In the previous posts I showed you how to write LINQPad drivers and how to read the meta data out of db4o. This time I show the last piece for a functional driver, the code generation. Code generation is required to dynamically create the query context and entities for LINQPad.
Side note: I’ve fixed more bugs in the driver. I’ve also added the code to access meta-information. However that part doesn’t work at the moment due to db4o-bugs.
Code Generation Basics
There are different ways to generate code in .NET. The low level Reflection.Emit namespace gives you basic code generation capabilities. With the CodeDom-API you can compile regular C# code at runtime. Also remember that you can use LINQ-Expressions to create delegate implementations. Of course there are numerous external libraries which help, like Castle Dynamic Proxies.
For my LINQPad driver I’m using the basic Reflection.Emit API. The first step you need to do is to create a new assembly which hosts the code:
After that you can create any numbers of new types:
You can add fields, properties and methods to the created types.
The hardest part about is to fill the method-body. For that you generate CIL code. That’s loads of fun. If you’re not familiar with CIL code you maybe should at the CIL-code from existing assemblies to learn from it.
The last step is to create the type. This freezes the type and it can be loaded by the CLR.
That’s it; you’ve generated code at runtime. You now go crazy with it =).
Mixing with Expressions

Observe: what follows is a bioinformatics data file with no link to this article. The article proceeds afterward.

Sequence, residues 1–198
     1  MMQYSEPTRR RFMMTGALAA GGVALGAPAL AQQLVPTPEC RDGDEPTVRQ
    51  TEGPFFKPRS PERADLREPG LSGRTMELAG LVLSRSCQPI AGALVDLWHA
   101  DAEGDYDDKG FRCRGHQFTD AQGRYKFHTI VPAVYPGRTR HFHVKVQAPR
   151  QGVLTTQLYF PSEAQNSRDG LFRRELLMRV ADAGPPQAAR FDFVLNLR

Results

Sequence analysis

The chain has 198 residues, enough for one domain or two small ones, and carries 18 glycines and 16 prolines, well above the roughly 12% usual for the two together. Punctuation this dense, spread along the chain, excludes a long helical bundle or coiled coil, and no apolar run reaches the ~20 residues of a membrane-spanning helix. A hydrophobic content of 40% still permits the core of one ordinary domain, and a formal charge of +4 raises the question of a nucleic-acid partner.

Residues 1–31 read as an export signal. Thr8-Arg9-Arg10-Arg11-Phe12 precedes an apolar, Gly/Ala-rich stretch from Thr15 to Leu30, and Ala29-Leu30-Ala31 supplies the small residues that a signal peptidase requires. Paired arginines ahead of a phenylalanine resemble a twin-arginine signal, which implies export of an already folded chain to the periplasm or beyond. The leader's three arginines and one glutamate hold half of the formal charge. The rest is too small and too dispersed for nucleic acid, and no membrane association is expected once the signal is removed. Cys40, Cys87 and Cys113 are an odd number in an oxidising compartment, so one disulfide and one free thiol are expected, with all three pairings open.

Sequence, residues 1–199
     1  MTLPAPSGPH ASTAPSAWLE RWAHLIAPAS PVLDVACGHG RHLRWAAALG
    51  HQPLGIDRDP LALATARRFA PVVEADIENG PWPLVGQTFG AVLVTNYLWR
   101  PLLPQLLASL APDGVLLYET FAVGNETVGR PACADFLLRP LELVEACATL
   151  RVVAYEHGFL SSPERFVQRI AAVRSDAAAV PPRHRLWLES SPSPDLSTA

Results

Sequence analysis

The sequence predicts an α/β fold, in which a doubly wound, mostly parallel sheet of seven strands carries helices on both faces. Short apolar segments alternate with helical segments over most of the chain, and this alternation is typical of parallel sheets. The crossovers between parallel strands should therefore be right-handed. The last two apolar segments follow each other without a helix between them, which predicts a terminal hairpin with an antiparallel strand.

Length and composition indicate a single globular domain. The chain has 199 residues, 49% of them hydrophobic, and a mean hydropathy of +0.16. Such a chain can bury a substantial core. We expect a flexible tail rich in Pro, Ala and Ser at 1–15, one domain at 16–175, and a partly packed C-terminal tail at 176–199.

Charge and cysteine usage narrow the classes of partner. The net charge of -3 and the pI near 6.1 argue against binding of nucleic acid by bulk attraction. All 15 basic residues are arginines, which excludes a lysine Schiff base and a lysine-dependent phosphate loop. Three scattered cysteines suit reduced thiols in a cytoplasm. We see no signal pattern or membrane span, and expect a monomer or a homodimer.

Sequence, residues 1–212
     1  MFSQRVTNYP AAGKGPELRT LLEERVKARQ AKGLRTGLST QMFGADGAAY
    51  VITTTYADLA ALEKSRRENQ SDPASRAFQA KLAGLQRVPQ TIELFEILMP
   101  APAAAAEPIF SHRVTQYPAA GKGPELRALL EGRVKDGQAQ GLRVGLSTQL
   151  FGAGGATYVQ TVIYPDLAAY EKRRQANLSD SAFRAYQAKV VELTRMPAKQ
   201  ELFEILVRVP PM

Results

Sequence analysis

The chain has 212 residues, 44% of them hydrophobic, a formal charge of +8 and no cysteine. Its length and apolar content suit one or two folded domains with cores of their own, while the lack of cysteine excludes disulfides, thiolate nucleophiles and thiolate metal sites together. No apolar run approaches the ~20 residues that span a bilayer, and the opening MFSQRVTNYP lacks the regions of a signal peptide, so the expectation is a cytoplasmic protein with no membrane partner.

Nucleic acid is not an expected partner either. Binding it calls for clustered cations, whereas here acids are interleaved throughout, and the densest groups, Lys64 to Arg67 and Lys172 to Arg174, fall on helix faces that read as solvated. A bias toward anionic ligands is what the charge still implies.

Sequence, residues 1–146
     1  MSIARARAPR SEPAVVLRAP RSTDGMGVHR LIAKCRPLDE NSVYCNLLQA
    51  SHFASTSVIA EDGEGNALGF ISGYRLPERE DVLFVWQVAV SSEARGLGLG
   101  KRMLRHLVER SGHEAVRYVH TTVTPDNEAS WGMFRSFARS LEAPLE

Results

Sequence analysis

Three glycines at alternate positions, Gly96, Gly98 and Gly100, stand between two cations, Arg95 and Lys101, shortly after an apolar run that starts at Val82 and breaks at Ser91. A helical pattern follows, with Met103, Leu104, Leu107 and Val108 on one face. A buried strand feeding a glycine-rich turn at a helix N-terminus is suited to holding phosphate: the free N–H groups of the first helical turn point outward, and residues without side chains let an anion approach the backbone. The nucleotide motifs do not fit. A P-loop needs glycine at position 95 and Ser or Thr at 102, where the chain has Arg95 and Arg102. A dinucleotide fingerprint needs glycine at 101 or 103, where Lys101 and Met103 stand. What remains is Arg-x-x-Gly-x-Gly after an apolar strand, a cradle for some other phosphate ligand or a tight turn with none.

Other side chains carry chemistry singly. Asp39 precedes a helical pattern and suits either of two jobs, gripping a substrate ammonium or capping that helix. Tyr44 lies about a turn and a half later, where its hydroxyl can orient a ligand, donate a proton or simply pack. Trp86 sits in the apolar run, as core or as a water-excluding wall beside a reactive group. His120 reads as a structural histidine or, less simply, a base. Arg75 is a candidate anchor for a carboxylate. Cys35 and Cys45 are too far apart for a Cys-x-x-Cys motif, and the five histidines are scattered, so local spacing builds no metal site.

As we’ve seen generating code directly with CIL expressions is painful. A more elegant way is to compose LINQ-Expressions at runtime and the compile these expressions. You actually can generate a method body with expressions. The LambdaExpression has a compile method which accepts a method builder (since .NET 4.0) . That makes it much easier to implement the method body:
However there’s a huge limitation to this. You can only generate code for static method right now. =/
Generating Code for LINQPad
LINQPad driver needs two things. The first is types for the entities which you want to query. In my driver I generate classes for all stored types in db4o. The second thing is the query context. The query context should have a structure like this:
LINQPad takes that query-context and creates a subclass of it. That subclass contains an enty-method which contains the code typed into LINQPad. That way your query simply can access all the properties of your database context. Of course you can add any method or property to your context and can make it accessible from LINQPad.
Well know we know all important steps to write a LINQPad driver, from the LINQPad API to the code generation. Have fun writing your own driver or using an existing driver.
- Making of the db4o LINQPad Driver: Meta-Data